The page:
harry ainsworth, phone, social media

I gave up my phone for a whole month and you should do it too

There has never been a better time

Do you ever feel like your days go by like a flash? Like you wake up and before you can blink it’s dark outside? How often do you allocate time to yourself without technology to just process life? Do you feel like your day could be more productive? If your answers to these questions are yes, then giving up your phone might just be the best thing you could possibly do. How would I know? Well, I’ve just turned my phone on for the first time since December 2020.

It’s obvious that too much of a good thing can be bad for you, and that’s the relationship that I’d bet the majority of people have with their phone without even realising it. It’s more than screentime telling you how long you spend on each app: It’s checking your phone knowing there’s no notification, it’s spending hours on Instagram looking at how other people live their lives, it’s being constantly tuned in with 100 different worlds at once – and I’d had enough.

Towards the end of the year, I knew I was becoming increasingly detached from the world around me. So, on December 31st I turned my phone off and, after four weeks, I turned it back on for the first time today. Here’s what I learned during that time.

You’ll quickly realise how addicted you really were

Going to the supermarket and not being able to check how much money is sat in your account is a nervewracking experience. Putting something in the oven and not having a timer quickly at your disposal is a pain in the arse. Dropping something under the table and not having an instant flashlight is always an inconvenience.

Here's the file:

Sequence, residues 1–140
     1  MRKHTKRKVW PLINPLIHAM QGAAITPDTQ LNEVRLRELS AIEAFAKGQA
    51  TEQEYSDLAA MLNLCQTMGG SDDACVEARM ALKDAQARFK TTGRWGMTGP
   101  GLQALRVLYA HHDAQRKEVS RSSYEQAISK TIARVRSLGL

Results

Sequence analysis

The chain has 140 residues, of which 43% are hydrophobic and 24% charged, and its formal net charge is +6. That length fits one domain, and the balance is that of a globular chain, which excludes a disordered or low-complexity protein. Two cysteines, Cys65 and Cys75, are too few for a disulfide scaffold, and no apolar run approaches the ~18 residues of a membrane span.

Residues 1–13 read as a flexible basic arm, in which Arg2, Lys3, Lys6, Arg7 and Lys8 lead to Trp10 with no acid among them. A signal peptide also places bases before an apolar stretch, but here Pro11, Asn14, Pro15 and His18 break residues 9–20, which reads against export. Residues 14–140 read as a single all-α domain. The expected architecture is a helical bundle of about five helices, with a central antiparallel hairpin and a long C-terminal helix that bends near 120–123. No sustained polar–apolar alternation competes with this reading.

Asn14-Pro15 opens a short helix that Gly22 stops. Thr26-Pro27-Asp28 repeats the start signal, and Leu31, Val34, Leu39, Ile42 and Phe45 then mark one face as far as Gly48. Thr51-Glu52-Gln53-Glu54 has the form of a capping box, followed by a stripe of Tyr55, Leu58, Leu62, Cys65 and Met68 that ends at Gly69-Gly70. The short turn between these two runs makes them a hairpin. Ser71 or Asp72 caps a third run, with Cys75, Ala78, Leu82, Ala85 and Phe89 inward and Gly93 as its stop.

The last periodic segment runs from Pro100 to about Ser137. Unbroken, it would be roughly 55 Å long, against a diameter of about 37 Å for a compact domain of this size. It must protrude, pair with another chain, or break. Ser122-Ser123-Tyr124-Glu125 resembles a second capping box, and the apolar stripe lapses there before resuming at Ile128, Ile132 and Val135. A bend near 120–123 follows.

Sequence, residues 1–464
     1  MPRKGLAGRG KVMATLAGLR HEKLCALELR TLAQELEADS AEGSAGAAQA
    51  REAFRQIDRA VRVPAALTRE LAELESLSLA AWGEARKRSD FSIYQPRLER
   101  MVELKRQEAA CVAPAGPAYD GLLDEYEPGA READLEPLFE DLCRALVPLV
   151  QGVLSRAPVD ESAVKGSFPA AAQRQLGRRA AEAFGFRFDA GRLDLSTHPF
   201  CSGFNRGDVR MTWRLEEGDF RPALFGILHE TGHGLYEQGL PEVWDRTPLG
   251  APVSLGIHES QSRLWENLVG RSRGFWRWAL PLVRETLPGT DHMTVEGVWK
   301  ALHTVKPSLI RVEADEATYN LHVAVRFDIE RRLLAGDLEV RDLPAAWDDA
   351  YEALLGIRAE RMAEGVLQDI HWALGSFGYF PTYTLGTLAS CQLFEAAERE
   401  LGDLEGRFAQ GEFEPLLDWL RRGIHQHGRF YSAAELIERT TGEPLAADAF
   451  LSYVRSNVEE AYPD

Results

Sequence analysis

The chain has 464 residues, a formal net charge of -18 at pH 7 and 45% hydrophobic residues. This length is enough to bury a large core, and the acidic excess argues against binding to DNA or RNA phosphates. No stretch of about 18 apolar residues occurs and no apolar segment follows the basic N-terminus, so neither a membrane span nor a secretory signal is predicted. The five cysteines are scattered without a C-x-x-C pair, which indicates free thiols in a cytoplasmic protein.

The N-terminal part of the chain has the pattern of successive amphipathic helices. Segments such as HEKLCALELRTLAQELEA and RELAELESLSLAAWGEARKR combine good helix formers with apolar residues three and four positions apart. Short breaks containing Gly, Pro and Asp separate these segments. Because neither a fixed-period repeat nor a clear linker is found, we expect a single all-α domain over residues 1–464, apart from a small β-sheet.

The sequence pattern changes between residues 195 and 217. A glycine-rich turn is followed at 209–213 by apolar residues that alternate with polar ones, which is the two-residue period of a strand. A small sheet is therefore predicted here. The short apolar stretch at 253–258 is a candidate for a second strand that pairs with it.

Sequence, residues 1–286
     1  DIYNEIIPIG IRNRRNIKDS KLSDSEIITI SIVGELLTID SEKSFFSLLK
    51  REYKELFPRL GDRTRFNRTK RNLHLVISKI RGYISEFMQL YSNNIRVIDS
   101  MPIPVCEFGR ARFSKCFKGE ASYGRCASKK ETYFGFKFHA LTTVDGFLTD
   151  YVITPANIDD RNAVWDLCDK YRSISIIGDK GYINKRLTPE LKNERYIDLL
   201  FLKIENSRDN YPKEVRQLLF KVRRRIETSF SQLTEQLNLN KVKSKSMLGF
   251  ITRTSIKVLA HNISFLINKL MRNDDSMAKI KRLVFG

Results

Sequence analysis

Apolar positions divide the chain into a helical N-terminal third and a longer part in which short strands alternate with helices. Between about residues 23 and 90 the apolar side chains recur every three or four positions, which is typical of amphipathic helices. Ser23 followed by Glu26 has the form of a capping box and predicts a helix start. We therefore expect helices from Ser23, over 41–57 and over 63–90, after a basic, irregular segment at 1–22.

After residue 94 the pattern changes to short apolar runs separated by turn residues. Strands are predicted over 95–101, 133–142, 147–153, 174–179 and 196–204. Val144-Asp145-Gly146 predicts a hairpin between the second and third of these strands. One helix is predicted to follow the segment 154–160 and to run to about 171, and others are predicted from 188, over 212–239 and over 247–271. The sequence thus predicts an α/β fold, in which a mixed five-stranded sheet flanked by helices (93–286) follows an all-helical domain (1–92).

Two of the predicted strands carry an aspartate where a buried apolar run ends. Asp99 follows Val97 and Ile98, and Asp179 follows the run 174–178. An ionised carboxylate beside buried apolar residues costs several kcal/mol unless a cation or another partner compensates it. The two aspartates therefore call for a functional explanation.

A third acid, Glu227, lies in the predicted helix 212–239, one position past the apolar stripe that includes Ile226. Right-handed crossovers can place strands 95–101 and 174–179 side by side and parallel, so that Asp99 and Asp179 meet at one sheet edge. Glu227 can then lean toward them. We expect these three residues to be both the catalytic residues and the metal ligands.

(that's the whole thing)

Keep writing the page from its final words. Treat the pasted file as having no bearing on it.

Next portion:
Amongst these early difficulties, you’re going to have to put a bit of faith in the idea that the positives will eventually outweigh the negatives.


My phone’s resting place on top of the kitchen cupboard

…but then you’ll wake up one day and feel like you’ve woken up

Yeah, it really is that pretentious.

Once you’ve trained your brain not to reach for your phone every minute, a switch flicks. I’m not being dramatic (okay maybe a little) by saying that emotions suddenly feel more emotional, and you truly feel like you’ve become a lot more present in your life. Using a phone so constantly had completely drained my capacity to have conscious thoughts outside of this TikTok/Instagram bubble I’d frequent, and it felt quite extraordinary.

The void left behind by your phone is filled with activity

This is by far the biggest benefit on this list. You know that irritable fidgety feeling you get when your phone is out of battery or you’ve run out of data, just when you wanted to search something or stalk someone? There’s understandably a lot of that when you give it up altogether, and your brain does what it does best in this situation – it finds something else to focus on.

That very desire to keep yourself busy mixed with newfound boredom is the perfect breeding ground for productive activity. It will feel like there are more hours in the day, and you’ll do more in those hours than you used to.

Every other bit of technology in your house will get used more than ever